Maximum and minimum interior angles are evaluated independently for triangles and quadrilaterals.
Jacobian
Deviation of an element from its ideal or "perfect" shape, such as a triangle’s deviation from equilateral.
The Jacobian value ranges from 0.0 to 1.0, where 1.0 represents a perfectly shaped element. The determinant of the Jacobian relates the local stretching of the parametric space which is required to fit it onto the global coordinate space.
HyperMesh evaluates the determinant of the Jacobian matrix at each of the element’s integration points (also called Gauss points) or at the element’s corner nodes, and reports the ratio between the smallest and the largest. In the case of Jacobian evaluation at the Gauss points, values of 0.7 and above are generally acceptable. You can select which method of evaluation to use (Gauss point or corner node) from the Check Element settings.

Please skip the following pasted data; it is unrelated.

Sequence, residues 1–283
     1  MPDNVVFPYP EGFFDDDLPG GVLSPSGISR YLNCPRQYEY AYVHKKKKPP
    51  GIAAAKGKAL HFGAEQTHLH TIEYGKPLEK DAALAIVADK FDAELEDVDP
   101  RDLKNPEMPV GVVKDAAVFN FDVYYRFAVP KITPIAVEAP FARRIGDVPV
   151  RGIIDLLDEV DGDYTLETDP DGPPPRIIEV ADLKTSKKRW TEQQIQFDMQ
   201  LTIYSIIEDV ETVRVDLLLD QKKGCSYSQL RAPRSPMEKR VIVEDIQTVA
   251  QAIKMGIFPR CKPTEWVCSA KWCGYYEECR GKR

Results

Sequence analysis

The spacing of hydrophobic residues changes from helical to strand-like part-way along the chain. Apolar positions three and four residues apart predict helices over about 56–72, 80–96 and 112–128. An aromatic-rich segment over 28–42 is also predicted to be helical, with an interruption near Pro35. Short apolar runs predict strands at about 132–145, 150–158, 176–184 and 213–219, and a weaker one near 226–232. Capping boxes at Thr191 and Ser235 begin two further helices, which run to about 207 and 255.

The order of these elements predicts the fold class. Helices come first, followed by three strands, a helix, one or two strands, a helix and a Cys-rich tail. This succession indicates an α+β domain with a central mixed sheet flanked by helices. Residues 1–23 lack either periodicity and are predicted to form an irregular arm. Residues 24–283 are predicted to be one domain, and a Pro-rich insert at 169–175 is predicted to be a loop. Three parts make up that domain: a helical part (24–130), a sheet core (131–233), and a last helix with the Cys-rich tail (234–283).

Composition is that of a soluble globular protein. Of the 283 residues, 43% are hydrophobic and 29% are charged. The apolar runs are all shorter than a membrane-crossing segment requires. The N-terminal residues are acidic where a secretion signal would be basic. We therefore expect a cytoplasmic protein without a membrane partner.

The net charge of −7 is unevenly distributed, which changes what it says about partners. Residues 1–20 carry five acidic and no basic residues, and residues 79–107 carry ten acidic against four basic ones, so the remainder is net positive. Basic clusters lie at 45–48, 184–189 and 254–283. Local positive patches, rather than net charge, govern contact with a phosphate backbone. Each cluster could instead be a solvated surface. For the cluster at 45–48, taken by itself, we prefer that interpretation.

Length (min)
Minimum element lengths are calculated using one of two methods.
• The shortest edge of the element. This method is used for non-tetrahedral 3D elements.
• The shortest distance from a corner node to its opposing edge (or face, in the case of tetra elements); referred to as "minimal normalized height".
You can choose which method to use in the Check Element settings.
Note: This setting affects the calculation of the Aspect Ratio check.
Minimum Length / Size
Minimum element size is calculated using:
Shortest edge
Length of the shortest edge of each element is used.
Minimal normalized height
Is a more accurate, but more complex height.